Whole Foods has finally caught on to the idea that not everyone can afford slow-churned almond butter or organic kalettes at prices that put gigantic holes in your wallet. Today, the fast-growing organic grocery store chain announced during its quarterly earnings report that it will be launching a subset chain of cheaper stores aimed at younger shoppers. So basically, millennials will get the farm-to-shelf experience without shelling out half of their paychecks.
"We've been so successful that we've actually bred a lot more competition and everyone is jumping on the natural and organic food bandwagon, and that's really, frankly, due to our success," CEO John Mackey told CNN Money. "You have to be willing to evolve with the marketplace... to serve your customers."
Although not many details have been revealed yet about the new stores (like when or where they will be opening), Whole Foods said that the company is currently negotiating leases and will release more details by the end of September. Total Whole Foods sales are expected to grow 9 percent in the next year, so maybe they’re feeling lucky.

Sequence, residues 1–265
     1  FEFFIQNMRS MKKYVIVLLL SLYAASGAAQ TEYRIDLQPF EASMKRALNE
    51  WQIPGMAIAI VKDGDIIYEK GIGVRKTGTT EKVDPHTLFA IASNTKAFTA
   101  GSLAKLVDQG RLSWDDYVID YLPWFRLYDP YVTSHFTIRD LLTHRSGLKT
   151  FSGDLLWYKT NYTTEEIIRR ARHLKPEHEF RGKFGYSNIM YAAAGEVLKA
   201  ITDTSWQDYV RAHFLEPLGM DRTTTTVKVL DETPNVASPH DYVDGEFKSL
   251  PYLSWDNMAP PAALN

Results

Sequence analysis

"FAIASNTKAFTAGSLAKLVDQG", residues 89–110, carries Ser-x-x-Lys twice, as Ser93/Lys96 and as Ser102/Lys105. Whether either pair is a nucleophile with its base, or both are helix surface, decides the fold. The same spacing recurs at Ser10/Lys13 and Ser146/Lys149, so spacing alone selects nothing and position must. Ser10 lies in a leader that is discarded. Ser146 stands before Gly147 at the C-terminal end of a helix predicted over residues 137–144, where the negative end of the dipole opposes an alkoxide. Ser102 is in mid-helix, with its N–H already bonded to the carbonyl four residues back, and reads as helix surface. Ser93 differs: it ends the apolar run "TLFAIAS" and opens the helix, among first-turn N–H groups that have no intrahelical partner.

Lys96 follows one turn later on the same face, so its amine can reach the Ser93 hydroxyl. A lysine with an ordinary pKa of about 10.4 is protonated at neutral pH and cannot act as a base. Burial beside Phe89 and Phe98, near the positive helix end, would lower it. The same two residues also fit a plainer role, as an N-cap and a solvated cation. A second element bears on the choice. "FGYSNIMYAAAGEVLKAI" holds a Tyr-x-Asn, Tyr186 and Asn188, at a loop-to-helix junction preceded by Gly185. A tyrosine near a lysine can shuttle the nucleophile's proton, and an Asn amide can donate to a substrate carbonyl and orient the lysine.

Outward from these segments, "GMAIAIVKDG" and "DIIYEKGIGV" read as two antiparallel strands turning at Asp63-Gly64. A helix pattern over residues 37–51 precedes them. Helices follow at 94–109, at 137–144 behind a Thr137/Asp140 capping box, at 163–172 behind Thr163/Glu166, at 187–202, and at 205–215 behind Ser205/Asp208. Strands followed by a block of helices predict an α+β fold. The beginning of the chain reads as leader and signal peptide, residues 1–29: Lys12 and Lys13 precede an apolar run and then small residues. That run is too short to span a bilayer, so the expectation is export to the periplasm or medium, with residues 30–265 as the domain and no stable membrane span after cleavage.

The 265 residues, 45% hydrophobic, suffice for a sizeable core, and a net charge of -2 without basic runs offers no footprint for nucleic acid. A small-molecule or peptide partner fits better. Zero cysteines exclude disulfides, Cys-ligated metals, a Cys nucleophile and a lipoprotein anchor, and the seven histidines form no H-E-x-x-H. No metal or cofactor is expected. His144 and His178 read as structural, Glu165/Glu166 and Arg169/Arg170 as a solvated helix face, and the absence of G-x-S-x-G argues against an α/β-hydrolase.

The Twitterverse remains skeptical:
Whole Foods launching cheaper stores to "target millenials" as opposed to idk, offering more people alternatives to processed foods
— Minority Rapport (@sangfroid_san) May 7, 2015
Cheaper Whole Foods' chain! Too bad aimed at frugal millennials instead of food deserts in low-income communities. http://t.co/IzNbvFdWFZ
— Katie V (@kval143) May 7, 2015
Whole Foods is launching a lower-priced grocery chain. Possible names inc. “Half Paycheck” and "Trader Joes” https://t.co/nvLgZNFSFr
— Kevin Smokler (@Weegee) May 7, 2015